Sprint Launches Network-Focused Campaign

'What's Happening Now?' Spots Aim to Differentiate Carrier as Hub of Activity

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SAN FRANCISCO (AdAge.com) -- Sprint may be a distant third behind AT&T and Verizon, but in a new campaign launched this week, the wireless network seeks to break from the pack by positioning itself as a hive of human interaction.

Sprint Now

The theme of Sprint's new network campaign is an extension of its online widget called 'This Is Now.'

Sprint's latest ads aim to show all the things people can do on its network, replacing the vernacular of coverage and reliability its competitors have seized ("More bars in more places" and "Can you hear me now?"). It is the first carrier to give its network a name, branding it the "Now Network." In contrast, Verizon and AT&T have adopted more-traditional branding approaches. Verizon's network is simply known as "the network," while AT&T goes by "the nation's fastest 3G network."

As carriers seek to push data services amid a commoditized voice business, and mobility moves toward services and applications, Sprint's Now Network push seeks to spur consumers to get connected and plugged into a fast-changing world. A TV spot in the "What's Happening Now?" campaign shows the activity taking place on Sprint's network with a tally of folks using their phones to search for restaurants while in taxis, as well as a video of a talking dog being uploaded to YouTube.

Widget extension
The theme of the network campaign is an extension of Sprint's online widget "This Is Now," said Mike Goff, Sprint VP-national advertising. The widget runs a real-time meter that counts the number of events on the Sprint network, such as number of calls and e-mails sent. The widget also tallies human-interest events, such as the amount of eggs being produced and forest acres being cut down.

"The number of voice calls, the number of texts that are happening, the other fun facts ... are really intended to say, 'All this stuff is going on on Sprint's Now Network,' and to help bring a humanity and an understanding as to 'Here's all the stuff Mr. and Mrs. Consumer are doing ... on this great network,'" Mr. Goff said.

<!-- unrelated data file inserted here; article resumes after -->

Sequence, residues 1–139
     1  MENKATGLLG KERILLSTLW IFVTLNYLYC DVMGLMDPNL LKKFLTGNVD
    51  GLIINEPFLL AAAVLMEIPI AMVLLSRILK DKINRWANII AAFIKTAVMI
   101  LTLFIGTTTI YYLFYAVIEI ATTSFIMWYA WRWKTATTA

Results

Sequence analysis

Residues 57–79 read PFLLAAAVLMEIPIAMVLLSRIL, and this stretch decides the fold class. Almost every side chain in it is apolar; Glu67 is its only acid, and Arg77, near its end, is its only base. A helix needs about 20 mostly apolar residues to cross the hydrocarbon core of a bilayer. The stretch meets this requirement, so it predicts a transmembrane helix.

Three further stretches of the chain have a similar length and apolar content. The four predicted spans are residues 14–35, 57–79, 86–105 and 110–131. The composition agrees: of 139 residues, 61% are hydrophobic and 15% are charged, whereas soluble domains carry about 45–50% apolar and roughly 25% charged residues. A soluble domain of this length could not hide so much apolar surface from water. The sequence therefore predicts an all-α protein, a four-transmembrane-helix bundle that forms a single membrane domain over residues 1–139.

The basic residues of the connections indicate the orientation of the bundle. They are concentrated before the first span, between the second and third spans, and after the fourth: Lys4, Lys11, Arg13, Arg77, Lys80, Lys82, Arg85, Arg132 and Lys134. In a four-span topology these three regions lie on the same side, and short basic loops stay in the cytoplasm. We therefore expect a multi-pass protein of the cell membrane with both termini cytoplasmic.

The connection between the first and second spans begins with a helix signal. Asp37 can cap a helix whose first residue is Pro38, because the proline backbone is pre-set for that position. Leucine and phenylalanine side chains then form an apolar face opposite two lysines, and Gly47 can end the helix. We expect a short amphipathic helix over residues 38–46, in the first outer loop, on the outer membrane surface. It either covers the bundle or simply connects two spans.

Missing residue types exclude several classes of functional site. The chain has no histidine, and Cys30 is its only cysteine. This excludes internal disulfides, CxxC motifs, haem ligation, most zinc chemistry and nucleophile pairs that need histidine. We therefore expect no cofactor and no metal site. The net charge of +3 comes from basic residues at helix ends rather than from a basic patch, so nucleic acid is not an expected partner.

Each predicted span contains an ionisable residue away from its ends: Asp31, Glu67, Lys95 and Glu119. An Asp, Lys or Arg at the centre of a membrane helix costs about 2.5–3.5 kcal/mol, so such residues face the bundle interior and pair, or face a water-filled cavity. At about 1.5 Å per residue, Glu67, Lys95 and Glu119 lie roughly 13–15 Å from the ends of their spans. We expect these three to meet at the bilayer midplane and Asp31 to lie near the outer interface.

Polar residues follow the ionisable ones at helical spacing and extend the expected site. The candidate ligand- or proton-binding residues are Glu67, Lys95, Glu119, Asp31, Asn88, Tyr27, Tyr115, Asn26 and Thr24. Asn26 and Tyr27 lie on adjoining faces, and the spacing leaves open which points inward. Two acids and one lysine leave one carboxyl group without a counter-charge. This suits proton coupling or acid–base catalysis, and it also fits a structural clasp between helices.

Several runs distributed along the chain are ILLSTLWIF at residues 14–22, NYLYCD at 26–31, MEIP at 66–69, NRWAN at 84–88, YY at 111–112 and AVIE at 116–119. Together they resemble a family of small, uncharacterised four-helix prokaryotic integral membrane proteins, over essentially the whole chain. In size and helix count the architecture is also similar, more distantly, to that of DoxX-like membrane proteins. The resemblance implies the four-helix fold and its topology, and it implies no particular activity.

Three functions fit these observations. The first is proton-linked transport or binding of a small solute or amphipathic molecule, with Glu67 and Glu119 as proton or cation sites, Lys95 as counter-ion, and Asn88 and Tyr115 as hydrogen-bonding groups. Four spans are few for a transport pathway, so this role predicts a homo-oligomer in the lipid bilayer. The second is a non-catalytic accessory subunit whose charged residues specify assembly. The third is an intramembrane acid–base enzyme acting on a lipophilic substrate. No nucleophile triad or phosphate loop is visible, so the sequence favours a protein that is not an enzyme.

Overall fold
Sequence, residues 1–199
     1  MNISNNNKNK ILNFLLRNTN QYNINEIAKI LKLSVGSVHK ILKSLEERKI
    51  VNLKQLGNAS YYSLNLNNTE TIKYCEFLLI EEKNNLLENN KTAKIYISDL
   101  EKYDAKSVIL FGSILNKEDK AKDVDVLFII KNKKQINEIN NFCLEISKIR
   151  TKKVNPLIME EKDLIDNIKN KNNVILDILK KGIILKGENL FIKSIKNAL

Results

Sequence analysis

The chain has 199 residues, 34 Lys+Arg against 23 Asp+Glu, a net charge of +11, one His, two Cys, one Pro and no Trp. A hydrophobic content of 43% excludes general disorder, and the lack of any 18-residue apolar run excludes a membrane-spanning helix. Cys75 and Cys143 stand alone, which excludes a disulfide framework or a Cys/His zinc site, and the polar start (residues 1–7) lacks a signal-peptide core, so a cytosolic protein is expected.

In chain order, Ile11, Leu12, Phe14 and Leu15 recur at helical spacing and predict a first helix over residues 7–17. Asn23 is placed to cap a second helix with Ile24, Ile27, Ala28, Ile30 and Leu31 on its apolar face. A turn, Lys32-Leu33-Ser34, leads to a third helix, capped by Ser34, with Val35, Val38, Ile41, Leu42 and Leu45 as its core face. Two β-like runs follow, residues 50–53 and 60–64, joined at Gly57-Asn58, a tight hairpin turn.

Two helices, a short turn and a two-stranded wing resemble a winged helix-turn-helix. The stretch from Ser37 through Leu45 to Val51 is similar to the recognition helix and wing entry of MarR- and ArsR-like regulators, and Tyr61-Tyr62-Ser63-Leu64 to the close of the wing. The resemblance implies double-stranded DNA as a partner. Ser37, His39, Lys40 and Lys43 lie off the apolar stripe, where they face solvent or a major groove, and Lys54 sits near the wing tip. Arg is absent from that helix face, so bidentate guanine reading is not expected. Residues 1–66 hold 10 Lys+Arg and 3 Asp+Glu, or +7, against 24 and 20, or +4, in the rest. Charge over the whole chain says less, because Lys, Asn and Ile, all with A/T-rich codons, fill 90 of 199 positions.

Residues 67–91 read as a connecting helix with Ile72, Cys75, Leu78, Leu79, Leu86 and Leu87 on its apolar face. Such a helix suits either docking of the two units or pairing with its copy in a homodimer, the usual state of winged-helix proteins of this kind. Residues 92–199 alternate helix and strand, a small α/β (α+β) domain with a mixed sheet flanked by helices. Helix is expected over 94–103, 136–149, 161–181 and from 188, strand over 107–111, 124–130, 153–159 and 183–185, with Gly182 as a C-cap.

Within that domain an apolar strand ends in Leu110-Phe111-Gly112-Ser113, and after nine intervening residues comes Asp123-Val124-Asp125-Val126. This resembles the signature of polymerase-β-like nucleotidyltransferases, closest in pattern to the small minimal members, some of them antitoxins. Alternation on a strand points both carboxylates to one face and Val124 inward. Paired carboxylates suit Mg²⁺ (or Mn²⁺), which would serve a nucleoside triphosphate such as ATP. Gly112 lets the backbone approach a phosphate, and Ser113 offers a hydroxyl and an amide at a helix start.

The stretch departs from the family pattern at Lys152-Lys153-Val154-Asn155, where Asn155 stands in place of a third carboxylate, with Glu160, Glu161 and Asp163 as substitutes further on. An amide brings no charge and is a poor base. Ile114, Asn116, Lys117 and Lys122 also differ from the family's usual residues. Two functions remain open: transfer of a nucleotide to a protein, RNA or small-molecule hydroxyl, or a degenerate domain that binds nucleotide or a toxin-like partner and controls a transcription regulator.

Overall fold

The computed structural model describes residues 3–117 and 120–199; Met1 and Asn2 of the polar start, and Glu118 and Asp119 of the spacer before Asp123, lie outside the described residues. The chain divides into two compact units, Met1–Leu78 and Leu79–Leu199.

Sprint's branded network received mention in last year's campaign, but the newest iteration is a network-focused campaign that spans TV, out of home, print and online.

Additional value campaign
But Sprint also wants to be seen as a cost-effective alternative to rivals. So in a new, separate campaign launched last week, the network tweaked its value message by using humor. The company said it wanted to hit at the value message harder as consumers look for ways to save in the current climate, and laughs get more attention. One spot in this campaign shows people raking dollar bills from their lawn into a garbage bag and using a leaf blower to drive them away as a voice-over asks, "Why toss out your money? .... Save $360 a year over comparable AT&T and Verizon plans."

The value campaign will run through July 11, and the Now Network campaign will run "as long as we need it to and as long as it performs," Mr. Goff said. Both were done by Omnicom Group's Goodby, Silverstein & Partners, New York.

Sprint Value

Sprint asks 'Why throw away your money?'

Because of the customer-integration problems caused by its merger with Nextel several years ago, Sprint has struggled to keep its customers from defecting to other carriers. The company has fewer than 20% of the 270 million or so U.S. wireless users on its network, and lost more than 1 million users in the fourth quarter. Sprint has said this year's marketing budget isn't expected to shrink from last year's, though it wouldn't discuss specifics.

Not the end of Hesse ads
Since March 2008 Sprint's ads have featured CEO Dan Hesse, who joined the carrier in late 2007. The stark, black-and-white commercials sought to introduce Mr. Hesse as the company's new leader while positioning him as down to earth, talking up the Sprint network frankly whether from the seat of a diner or while walking through New York's Central Park. The decision to have Mr. Hesse sit out of the current campaign doesn't mean he won't appear in future campaigns, Mr. Goff said. He said ads featuring Mr. Hesse performed better than other ads in the category that run on a weekly basis but declined to disclose the details.

The "What's Happening" TV spots also mark the second national Sprint campaign that references its 4G Wimax network, marking an effort by the company to get a head start on touting its next-generation wireless network. Sprint has chosen the Wimax standard, while AT&T and Verizon are backing the rival Long Term Evolution 4G network.

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